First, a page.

The first thing I did when I decided to pursue the hobby of genealogy was to take a class through the local Rec & Park District. "Start with what you know," was rule one, Teacher shared. "Collect what's already been done, then document, document, document." It's not real until you document. The more common the name, the more challenging the task.
One of the names I'm working with is Brown.
My documentation is fine through Charles Monroe Brown and I'm confident of the date of his father's death in 1923, Mt. Ida, Montgomery County, Arkansas. It's the rest of his father's information that I'm working on now.
Thomas Jefferson "Jeff" Brown was, according to a family member story published in the Montgomery County, Arkansas, history, born in 1838 in Shelly (Sevier) County, Tennessee. His father was also Thomas Jefferson Brown, his mother Mary Darcas and his sister Susan Darcas Brown. He is reported to have left Tennessee from Knoxville in 1854. A group of immigrants, including the Brown family, moved from Tennessee to Arkansas apparently pausing long enough for Jeff's father (also reportedly named Thomas Jefferson Brown) to die and be buried in the Mansfield, Arkansas cemetery.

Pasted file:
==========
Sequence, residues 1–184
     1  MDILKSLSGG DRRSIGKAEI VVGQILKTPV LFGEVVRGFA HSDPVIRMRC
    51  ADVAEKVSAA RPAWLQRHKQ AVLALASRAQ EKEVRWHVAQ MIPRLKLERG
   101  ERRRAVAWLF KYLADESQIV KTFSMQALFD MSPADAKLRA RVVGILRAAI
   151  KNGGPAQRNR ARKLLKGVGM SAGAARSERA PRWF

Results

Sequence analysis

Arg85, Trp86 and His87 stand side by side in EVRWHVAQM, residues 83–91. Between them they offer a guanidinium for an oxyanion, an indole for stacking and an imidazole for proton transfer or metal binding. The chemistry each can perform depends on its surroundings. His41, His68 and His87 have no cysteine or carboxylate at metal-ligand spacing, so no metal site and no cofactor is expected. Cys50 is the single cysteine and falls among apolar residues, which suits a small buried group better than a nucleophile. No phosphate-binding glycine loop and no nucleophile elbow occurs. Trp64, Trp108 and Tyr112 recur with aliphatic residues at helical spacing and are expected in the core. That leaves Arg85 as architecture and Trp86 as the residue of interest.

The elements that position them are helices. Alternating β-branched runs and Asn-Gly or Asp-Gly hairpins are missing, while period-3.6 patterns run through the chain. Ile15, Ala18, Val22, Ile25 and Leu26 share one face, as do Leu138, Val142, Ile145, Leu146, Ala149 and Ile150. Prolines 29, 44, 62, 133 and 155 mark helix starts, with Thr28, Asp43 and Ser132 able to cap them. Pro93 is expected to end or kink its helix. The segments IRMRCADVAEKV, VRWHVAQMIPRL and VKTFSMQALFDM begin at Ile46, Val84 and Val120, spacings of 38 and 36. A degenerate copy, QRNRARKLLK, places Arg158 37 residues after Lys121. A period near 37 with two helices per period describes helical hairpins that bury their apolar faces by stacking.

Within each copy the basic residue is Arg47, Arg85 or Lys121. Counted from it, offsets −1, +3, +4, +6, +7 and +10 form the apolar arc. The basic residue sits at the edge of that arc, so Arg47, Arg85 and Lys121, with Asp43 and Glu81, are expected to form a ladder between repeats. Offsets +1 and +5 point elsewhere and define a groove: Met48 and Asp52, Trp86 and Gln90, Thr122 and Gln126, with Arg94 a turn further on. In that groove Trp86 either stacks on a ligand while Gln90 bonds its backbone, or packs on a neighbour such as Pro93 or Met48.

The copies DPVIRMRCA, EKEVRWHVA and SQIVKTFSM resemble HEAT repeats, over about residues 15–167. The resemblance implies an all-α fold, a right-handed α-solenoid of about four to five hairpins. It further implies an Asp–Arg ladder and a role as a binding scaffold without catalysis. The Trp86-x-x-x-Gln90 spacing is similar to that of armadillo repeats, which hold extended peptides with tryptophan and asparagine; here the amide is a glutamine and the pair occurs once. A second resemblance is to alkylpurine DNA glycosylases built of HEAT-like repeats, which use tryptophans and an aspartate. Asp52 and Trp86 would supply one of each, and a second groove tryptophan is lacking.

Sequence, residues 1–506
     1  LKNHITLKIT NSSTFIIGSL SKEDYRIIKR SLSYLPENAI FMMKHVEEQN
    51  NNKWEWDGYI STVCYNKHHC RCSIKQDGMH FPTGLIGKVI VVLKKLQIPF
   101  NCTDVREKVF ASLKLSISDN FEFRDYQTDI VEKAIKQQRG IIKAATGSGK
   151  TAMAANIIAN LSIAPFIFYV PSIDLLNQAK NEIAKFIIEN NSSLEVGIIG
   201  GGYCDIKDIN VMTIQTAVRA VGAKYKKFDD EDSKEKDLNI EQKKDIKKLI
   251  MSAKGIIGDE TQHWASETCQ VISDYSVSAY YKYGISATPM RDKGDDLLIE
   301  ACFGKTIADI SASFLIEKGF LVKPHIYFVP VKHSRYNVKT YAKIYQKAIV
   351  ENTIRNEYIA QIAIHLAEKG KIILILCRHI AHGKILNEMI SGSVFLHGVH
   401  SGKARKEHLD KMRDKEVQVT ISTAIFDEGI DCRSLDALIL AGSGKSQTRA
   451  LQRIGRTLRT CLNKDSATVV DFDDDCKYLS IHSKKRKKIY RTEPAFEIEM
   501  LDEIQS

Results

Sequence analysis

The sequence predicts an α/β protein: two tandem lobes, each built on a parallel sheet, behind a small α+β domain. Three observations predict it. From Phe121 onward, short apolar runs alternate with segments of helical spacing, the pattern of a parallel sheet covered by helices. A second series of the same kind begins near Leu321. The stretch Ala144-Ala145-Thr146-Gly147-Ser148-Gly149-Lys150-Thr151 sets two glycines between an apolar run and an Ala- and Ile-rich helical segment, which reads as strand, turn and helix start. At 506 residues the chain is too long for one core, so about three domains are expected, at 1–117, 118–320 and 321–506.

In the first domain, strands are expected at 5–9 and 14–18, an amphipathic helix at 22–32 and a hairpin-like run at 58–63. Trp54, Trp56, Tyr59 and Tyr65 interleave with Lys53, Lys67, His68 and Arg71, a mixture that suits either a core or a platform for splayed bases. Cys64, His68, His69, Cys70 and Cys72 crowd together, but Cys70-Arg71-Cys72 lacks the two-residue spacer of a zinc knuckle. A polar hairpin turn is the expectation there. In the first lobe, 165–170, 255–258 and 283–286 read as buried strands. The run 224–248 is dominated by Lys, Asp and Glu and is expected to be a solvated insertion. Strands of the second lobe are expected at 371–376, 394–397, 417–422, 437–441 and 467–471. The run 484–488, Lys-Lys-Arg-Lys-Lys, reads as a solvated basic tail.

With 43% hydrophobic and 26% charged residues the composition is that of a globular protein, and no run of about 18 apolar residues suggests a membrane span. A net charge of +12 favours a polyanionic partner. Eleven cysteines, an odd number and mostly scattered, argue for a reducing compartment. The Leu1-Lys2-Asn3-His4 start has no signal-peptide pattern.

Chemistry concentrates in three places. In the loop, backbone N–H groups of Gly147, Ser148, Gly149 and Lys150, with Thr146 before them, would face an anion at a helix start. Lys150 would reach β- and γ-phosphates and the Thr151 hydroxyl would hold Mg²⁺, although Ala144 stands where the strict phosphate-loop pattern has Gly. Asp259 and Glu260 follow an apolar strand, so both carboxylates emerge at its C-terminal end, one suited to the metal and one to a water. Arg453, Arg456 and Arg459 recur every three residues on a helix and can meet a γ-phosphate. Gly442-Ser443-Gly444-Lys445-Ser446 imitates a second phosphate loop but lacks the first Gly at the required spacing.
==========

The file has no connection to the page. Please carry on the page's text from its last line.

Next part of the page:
Now, I haven't actually been to the cemetery in Mansfield, Arkansas. But someone who has posted their findings on one of the internet genealogy message boards. No Thomas Brown buried there in or around 1854. Hmmm...
I purchased one of the LDS CDs (a bargain) and found a pedigree that included my Browns and they were linked to the line of Henry Stevenson Brown, a Texas pioneer. Unfortunately, there were no documentary citations so the information can only be considered a clue to be researched. If the link proves out, however, there is a problem with the story that Thomas Jefferson Brown, Sr., died in Mansfield, AR, in 1854. According to a biography of Henry Stevenson Brown published in a 1925 magazine article, his son Thomas Jefferson Brown was presumed murdered in New Orleans in 1839.